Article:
The study, which was funded in part by the U.S. Fish and Wildlife Service, has numerous implications for conservation, public policy and further research and provides a new suite of tools for scientists, conservationists, land managers and policy makers. For example, the study identifies “strongholds”, areas that will remain stable for some birds even as climate changes and are candidates for protection and management.
Audubon also launched a new web portal – Audubon.org/Climate – dedicated to understanding the links between birds and global warming, including animated maps and photographs of the 314 species at risk, a technical report, and in-depth stories from the September-October issue of Audubon magazine, which is also devoted to the topic.
“Millions of people across the country will take this threat personally because birds matter to them,” said Yarnold. “For bird lovers, this issue transcends nasty political posturing; it’s a bird issue. And we know that when we do the right things for birds, we do the right things for people too. Everyone can do something, from changing the plants in their backyard to working at the community and state level to protect the places birds will need to survive and promote clean energy. We are what hope looks like to a bird.”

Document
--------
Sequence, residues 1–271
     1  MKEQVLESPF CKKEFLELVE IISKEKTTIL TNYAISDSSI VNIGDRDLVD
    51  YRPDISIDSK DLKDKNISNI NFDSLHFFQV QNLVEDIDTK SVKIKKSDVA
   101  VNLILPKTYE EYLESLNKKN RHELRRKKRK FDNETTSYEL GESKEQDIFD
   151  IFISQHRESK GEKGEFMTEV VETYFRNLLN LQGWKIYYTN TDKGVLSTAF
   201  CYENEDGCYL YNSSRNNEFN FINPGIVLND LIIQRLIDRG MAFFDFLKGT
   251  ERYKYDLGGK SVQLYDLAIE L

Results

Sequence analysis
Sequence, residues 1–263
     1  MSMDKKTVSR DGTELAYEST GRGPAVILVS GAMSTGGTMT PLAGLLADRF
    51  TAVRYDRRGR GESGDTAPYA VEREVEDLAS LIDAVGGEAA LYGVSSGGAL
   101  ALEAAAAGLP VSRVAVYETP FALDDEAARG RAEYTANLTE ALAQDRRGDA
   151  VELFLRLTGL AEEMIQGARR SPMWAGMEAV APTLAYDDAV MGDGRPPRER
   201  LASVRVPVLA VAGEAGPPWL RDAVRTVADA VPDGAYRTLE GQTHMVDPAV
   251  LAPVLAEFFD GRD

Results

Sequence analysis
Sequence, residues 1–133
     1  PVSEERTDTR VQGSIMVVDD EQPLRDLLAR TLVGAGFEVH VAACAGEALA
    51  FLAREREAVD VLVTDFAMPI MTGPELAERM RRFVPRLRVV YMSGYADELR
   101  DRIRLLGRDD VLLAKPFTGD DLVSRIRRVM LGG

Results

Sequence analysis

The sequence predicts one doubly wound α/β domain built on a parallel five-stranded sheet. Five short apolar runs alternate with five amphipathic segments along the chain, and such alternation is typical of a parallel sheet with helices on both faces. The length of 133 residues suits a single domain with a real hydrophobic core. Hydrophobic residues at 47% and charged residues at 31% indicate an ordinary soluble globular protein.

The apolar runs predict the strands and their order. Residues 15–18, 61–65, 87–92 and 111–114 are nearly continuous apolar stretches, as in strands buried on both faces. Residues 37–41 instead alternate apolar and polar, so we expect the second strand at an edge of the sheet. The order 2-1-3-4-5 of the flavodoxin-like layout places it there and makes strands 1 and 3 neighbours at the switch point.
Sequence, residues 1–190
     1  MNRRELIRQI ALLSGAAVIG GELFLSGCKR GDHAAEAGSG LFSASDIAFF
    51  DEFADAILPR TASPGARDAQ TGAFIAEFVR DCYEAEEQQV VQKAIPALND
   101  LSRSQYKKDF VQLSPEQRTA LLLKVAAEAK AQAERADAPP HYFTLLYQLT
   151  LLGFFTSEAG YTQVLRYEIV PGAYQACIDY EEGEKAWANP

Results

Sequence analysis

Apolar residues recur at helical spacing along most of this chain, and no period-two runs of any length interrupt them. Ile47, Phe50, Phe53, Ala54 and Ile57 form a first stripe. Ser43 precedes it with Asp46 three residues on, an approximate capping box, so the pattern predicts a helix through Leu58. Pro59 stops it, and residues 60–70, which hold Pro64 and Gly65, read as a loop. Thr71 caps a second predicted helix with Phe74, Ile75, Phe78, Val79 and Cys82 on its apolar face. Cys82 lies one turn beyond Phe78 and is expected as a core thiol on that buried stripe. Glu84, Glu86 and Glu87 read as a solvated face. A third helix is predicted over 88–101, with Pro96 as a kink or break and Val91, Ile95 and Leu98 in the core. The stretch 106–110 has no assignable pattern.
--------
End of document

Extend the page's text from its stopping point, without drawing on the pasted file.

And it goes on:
Check the following link to read more about this report:
The National Audubon Society a non-profit conservation organization that saves birds and their habitats throughout the Americas using science, advocacy, education and on-the-ground conservation. Audubon’s state programs, nature centers, chapters and partners have an unparalleled wingspan that reaches millions of people each year to inform, inspire and unite diverse communities in conservation action. Since 1905, Audubon’s vision has been a world in which people and wildlife thrive. For more information, visit www.audubon.org.